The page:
Biden's ODNI pick looks to restore IC workforce morale
If confirmed, Avril Haines says that one of her top priorities as the Director of National Intelligence will be "institutional" issues, like renewing public trust in the intelligence community and improving workforce morale.
Avril Haines, President-elect Joe Biden's nominee for the Director of National Intelligence (DNI), said that revitalizing the intelligence community workforce and ensuring that its work remained apolitical will be a major priority if she is confirmed.
Haines, testifying at her Jan. 19 confirmation hearing before the Senate Select Committee on Intelligence, said her biggest priorities at the start of her tenure will be "institutional." She pointed to workforce issues like retention and recruitment that need attention. A climate survey on the workforce might be helpful near the outset, she said.
Former Trump administration DNI Dan Coats said that Haines' "commitment to bringing non-politicized truth to power" was her most important asset. Coats' reports on issues like Russia and North Korea were reported to have angered Trump when he served as his DNI.
Haines, who would be the first woman to serve in this top intelligence position, will have oversight powers across the intelligence community if confirmed. She served in the Obama administration as principal deputy national security advisor and as CIA deputy director. Since June 2020, she's been doing transition work for the Biden-Harris administration.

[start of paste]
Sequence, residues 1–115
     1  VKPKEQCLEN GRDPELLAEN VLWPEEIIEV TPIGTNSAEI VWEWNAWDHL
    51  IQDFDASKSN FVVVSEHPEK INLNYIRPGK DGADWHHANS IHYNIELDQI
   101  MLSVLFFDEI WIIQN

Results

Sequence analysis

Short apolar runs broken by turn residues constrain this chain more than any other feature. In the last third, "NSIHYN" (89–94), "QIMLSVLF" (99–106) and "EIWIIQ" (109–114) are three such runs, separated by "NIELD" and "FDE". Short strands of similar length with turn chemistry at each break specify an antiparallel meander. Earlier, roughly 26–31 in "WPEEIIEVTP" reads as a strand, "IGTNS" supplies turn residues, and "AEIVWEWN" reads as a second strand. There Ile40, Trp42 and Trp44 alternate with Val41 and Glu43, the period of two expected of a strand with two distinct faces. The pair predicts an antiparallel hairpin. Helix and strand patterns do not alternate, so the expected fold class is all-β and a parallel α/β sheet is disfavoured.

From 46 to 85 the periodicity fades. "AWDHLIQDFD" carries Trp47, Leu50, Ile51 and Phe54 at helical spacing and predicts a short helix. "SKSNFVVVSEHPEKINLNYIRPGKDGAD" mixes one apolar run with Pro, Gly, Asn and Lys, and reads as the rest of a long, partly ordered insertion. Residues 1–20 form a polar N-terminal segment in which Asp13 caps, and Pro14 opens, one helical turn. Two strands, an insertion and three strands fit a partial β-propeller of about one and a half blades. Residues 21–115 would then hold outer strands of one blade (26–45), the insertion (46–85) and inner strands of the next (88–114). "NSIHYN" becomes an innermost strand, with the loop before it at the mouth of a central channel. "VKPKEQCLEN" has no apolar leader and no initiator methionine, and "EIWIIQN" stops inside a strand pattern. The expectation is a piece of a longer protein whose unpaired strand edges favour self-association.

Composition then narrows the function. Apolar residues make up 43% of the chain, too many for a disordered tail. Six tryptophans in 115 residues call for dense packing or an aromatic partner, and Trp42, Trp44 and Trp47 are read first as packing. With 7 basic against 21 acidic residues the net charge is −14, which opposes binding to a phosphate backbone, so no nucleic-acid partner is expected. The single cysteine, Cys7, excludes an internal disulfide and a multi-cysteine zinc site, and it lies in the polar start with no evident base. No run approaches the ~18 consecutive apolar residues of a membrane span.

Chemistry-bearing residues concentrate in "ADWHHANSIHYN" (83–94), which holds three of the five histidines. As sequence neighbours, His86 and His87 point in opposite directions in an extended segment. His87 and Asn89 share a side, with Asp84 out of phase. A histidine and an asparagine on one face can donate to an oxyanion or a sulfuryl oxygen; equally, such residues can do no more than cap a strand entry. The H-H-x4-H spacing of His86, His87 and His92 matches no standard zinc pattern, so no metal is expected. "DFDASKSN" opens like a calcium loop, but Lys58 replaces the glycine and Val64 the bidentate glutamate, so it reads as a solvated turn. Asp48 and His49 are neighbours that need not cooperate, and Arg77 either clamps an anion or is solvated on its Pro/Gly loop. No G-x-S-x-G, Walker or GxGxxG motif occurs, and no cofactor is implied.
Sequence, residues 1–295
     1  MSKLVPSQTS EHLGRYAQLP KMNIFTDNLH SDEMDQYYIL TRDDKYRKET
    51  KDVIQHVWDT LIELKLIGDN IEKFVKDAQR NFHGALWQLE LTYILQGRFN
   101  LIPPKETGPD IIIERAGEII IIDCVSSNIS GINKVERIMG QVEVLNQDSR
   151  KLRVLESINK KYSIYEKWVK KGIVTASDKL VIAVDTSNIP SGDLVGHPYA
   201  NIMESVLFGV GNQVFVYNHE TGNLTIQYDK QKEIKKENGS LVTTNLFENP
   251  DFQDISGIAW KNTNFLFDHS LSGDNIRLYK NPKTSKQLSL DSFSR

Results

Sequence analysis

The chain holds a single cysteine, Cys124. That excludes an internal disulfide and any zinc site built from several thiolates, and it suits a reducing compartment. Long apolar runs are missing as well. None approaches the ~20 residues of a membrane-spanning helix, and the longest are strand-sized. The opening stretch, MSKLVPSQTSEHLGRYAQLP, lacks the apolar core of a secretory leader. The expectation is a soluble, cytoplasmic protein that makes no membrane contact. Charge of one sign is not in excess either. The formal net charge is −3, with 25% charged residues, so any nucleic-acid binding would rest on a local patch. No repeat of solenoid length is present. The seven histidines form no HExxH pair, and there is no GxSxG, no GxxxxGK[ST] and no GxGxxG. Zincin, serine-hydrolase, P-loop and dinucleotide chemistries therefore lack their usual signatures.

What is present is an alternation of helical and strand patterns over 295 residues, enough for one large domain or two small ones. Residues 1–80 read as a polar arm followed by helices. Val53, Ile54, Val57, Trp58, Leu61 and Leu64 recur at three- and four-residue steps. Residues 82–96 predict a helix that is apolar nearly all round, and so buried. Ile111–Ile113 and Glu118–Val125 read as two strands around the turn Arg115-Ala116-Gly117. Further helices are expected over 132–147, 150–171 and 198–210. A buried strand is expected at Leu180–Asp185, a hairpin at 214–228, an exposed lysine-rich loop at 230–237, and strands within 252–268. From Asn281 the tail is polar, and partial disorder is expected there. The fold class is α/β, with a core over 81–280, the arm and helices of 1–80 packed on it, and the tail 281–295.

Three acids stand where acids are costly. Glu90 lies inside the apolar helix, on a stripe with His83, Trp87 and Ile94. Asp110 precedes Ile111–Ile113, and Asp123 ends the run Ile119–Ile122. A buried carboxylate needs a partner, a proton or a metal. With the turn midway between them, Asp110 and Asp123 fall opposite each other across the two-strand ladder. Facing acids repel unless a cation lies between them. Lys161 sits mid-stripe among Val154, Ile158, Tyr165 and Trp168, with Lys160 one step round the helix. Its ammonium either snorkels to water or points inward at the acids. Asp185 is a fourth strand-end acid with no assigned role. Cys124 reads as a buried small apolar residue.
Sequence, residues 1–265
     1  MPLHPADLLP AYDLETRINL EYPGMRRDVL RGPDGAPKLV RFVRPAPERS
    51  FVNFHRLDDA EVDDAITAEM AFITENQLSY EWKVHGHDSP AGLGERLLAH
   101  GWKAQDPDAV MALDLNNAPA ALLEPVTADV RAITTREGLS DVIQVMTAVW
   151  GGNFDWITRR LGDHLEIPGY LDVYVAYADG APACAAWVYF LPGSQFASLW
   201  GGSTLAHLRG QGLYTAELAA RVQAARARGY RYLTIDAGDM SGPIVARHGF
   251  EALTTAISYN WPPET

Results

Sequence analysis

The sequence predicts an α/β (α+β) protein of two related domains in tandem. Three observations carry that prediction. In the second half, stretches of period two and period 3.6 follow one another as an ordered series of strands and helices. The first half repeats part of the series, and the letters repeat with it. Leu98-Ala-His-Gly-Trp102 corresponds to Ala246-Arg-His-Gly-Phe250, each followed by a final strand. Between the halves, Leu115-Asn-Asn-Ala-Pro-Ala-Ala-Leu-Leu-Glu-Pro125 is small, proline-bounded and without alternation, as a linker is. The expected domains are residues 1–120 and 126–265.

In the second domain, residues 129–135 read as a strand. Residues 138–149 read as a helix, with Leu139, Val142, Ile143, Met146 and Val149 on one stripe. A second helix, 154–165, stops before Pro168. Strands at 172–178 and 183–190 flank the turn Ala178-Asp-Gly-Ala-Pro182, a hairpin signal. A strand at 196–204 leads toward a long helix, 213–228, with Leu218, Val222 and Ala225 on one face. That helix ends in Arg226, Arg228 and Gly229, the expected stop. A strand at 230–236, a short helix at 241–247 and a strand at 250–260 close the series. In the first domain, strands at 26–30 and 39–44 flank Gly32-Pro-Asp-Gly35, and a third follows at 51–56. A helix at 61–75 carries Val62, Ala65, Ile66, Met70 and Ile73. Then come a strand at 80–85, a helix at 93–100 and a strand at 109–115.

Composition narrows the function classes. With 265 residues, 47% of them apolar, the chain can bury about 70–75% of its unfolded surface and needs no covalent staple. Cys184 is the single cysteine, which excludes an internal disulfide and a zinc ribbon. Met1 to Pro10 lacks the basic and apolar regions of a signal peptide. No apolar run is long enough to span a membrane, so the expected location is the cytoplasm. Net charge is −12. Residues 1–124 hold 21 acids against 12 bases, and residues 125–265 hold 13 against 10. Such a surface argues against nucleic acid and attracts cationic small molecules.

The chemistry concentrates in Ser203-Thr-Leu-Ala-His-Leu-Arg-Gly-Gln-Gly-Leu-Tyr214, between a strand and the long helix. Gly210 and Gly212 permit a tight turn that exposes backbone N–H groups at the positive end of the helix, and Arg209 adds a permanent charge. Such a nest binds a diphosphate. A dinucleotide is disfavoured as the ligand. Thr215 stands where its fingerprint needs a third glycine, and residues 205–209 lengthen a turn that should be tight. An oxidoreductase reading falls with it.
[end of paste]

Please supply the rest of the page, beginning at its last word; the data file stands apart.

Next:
In the answers to her prehearing questions submitted to the committee, Haines also addressed low morale among the intelligence workforce. She said that communicating with the workforce early would be "critical."
Workers in the intelligence community can expect her to resume town hall meetings with the Office of the Director of National Intelligence workforce and emphasize whistleblower protections.
The discussion also briefly focused on the recent SolarWinds Orion hacking breach.
Sen. Roy Blunt (R-Mo.) said that to his knowledge, no committee members were notified or given a report from any intelligence community actors on the incident. Haines herself said that she hasn't received a full, classified briefing on the matter.
"I have a lot more to learn about what we know about this at this stage," Haines said about the hack.
Haines wrote in her answers to prehearing questions that she would work to "close the gap between where our capabilities are now and where they need to be in order to deter, detect, disrupt and respond to such intrusions far more effectively in the future."
She said that future cybersecurity threats could be deterred by making cyber breaches harder for adversaries to accomplish in the first place and highlighted the importance of working with the private sector and allies to promote an overall deterrence strategy.
Overall, Haines said that she hoped to make technology into an advantage rather than a liability during her term by "integrating new technologies to improve the capacity and superiority of our intelligence into the future."
This article first appeared on FCW.
NEXT STORY: It’s time for a tactical LiDAR satellite